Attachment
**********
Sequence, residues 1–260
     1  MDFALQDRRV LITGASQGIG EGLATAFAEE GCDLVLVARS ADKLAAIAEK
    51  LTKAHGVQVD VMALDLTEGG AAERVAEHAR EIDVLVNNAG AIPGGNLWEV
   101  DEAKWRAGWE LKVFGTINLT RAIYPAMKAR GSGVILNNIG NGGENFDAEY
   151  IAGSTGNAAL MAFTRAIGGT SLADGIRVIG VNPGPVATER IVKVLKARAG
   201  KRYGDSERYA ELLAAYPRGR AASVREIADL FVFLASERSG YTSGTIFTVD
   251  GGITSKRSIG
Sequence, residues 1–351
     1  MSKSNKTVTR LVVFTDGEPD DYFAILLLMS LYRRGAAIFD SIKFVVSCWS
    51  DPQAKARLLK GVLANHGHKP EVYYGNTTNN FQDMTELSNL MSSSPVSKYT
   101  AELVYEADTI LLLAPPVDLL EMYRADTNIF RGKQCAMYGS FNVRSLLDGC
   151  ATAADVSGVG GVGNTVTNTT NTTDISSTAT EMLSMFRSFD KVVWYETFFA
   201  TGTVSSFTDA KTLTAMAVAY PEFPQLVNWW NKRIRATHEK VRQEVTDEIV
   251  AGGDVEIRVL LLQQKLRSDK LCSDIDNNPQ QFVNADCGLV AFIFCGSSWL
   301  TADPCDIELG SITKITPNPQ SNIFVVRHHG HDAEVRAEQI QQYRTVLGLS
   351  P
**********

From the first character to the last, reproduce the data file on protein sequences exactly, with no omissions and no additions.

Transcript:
Sequence, residues 1–260
     1  MDFALQDRRV LITGASQGIG EGLATAFAEE GCDLVLVARS ADKLAAIAEK
    51  LTKAHGVQVD VMALDLTEGG AAERVAEHAR EIDVLVNNAG AIPGGNLWEV
   101  DEAKWRAGWE LKVFGTINLT RAIYPAMKAR GSGVILNNIG NGGENFDAEY
   151  IAGSTGNAAL MAFTRAIGGT SLADGIRVIG VNPGPVATER IVKVLKARAG
   201  KRYGDSERYA ELLAAYPRGR AASVREIADL FVFLASERSG YTSGTIFTVD
   251  GGITSKRSIG
Sequence, residues 1–351
     1  MSKSNKTVTR LVVFTDGEPD DYFAILLLMS LYRRGAAIFD SIKFVVSCWS
    51  DPQAKARLLK GVLANHGHKP EVYYGNTTNN FQDMTELSNL MSSSPVSKYT
   101  AELVYEADTI LLLAPPVDLL EMYRADTNIF RGKQCAMYGS FNVRSLLDGC
   151  ATAADVSGVG GVGNTVTNTT NTTDISSTAT EMLSMFRSFD KVVWYETFFA
   201  TGTVSSFTDA KTLTAMAVAY PEFPQLVNWW NKRIRATHEK VRQEVTDEIV
   251  AGGDVEIRVL LLQQKLRSDK LCSDIDNNPQ QFVNADCGLV AFIFCGSSWL
   301  TADPCDIELG SITKITPNPQ SNIFVVRHHG HDAEVRAEQI QQYRTVLGLS
   351  P